Moreover, the scholarly culture of the department provided consistent opportunities for intellectual stimulation. A series of writing workshops on grant writing, finishing chapters, job applications, and publishing lent the formative skills necessary to succeed in a variety of authorial tasks. Attending job talks hosted by the department helped me develop my own skills for the academic job market. As I developed my dissertation research, I found inspiration attending guest lectures, panel discussions, brown-bag discussions, receptions, and related events hosted by the department and the Visual Studies Research Institute. In fact, the department’s institutional affiliations and informal connections with the Huntington Library and Getty Research Institute provided bridges that triggered important research paths in my dissertation project. Finally, an unanticipated benefit of attending such events on and off campus was the time management skills I developed, which have served me well in balancing the demands of service, scholarship, and teaching at a small liberal arts institution. From all these experiences at USC, I learned how to be a professional, how to mentor students, and how to network and communicate effectively with colleagues. I’m grateful for these fragmented yet highly-beneficial lessons, which have shaped the professional I’ve become and will strive to be in the future.
I came to USC after completing an MA in French Studies at NYU so that I could work with Vanessa Schwartz. With encouragement and financial support from the History department and the Visual Studies Graduate Certificate program I was able to hit the ground running as a researcher as early as my first summer, completing the first of what would become several trips to European archives. Alongside Vanessa, Elinor Accampo, Daniela Bleichmar, Phil Ethington, Karen Halttunen, Deborah Harkness, Paul Lerner, and Steve Ross also provided excellent mentorship, and I continue to treasure the relationships I have with them and with so many peers who studied alongside me. Though I was consistently challenged and pushed out of my comfort zone I never felt pigeonholed during this crucial time of development, and was free to pursue my various interests so long as I could make a rigorous case for doing so.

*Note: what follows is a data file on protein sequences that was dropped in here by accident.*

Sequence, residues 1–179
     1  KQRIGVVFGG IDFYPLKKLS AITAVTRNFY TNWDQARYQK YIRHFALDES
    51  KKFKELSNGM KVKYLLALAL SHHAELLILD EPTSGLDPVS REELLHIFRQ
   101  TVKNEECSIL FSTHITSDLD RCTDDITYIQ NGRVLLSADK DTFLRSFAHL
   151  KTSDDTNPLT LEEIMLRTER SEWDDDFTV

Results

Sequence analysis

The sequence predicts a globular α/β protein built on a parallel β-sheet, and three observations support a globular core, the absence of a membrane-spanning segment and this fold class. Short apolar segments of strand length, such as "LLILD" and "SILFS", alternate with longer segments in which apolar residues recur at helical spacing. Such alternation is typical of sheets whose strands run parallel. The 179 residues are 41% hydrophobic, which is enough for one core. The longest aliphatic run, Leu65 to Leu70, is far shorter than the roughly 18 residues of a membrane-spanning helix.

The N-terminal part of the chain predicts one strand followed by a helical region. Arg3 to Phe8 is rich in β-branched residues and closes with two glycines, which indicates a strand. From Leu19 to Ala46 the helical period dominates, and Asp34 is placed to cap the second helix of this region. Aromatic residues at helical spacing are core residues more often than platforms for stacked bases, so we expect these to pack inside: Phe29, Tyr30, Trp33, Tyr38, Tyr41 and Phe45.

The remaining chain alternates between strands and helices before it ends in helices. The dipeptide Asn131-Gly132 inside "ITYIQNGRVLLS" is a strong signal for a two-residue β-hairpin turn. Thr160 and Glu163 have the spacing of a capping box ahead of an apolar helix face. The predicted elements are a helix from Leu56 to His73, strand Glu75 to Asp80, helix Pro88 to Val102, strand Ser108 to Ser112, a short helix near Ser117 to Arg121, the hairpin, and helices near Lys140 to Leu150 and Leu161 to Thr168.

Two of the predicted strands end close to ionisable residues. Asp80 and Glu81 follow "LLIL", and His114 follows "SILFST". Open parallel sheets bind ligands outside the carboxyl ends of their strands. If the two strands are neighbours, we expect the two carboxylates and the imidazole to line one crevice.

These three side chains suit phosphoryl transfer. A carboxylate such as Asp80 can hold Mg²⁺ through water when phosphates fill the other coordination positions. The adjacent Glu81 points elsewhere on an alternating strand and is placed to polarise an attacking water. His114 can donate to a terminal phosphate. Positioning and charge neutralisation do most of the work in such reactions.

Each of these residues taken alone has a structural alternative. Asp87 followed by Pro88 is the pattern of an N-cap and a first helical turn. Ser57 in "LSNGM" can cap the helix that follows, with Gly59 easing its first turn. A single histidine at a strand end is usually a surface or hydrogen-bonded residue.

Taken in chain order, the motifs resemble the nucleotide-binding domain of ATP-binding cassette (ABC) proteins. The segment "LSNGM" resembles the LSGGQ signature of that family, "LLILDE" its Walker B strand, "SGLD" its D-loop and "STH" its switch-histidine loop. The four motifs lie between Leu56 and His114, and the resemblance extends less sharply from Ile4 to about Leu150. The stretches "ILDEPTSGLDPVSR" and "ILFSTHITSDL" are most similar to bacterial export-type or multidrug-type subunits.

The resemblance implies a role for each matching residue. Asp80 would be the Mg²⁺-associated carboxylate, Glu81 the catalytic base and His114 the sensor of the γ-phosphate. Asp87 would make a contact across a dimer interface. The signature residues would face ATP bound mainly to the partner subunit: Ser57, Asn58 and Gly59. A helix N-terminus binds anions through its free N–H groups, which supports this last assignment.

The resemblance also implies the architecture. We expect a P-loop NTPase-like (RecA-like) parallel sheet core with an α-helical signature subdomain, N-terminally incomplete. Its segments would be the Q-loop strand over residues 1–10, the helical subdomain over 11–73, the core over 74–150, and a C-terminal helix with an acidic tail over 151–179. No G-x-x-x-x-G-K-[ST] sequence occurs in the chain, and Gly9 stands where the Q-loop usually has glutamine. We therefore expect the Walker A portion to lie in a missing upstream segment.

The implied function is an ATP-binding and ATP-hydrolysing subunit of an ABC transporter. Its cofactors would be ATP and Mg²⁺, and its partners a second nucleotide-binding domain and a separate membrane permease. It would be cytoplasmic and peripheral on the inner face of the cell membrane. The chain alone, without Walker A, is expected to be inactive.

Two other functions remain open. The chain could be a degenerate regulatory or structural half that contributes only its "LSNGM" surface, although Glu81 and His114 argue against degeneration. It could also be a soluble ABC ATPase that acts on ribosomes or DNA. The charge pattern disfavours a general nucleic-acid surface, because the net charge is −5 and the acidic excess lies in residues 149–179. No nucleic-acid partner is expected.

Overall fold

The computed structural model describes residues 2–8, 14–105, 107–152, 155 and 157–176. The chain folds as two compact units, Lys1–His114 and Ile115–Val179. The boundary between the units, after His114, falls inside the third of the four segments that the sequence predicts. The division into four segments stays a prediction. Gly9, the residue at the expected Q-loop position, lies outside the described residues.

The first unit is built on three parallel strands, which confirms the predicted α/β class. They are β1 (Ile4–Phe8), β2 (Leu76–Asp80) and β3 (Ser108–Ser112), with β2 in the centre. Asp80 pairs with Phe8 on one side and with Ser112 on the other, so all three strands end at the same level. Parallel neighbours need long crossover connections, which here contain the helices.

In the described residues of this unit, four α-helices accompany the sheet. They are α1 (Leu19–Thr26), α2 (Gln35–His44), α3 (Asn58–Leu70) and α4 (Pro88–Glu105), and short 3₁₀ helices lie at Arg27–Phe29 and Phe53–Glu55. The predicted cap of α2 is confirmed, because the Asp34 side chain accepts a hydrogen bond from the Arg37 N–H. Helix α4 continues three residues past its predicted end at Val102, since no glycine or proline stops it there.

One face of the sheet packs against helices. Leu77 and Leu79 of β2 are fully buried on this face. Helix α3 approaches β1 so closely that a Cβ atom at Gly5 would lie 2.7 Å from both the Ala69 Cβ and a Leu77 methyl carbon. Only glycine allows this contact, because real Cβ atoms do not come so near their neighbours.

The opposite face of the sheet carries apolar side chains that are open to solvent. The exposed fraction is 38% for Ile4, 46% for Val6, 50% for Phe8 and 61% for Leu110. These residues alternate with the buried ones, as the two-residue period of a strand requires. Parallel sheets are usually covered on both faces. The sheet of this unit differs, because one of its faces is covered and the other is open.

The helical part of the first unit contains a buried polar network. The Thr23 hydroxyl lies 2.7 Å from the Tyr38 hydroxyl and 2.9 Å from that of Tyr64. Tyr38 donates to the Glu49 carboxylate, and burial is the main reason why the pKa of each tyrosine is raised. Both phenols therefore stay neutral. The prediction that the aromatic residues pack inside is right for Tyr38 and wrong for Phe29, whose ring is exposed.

My post-USC career, as a postdoctoral research fellow working in digital humanities and as a lecturer in Art History, French, and History, both at Stanford, and now writing nonfiction, attest to the broad set of skills honed during my graduate studies. The VSGC CV and Grant Writing workshop is one example of the kind of hands-on training I received, and I was delighted to be invited back to campus to serve as one of the mentors for this year’s workshop. But for all of the many benefits of my time in the classroom, both as student and as TA, and in the archives, the most formative of my experiences at USC were the conversations with fellow graduate students: in coffee shops, at informal dinners, and (this being LA) on countless car rides, always headed toward some new point of discovery.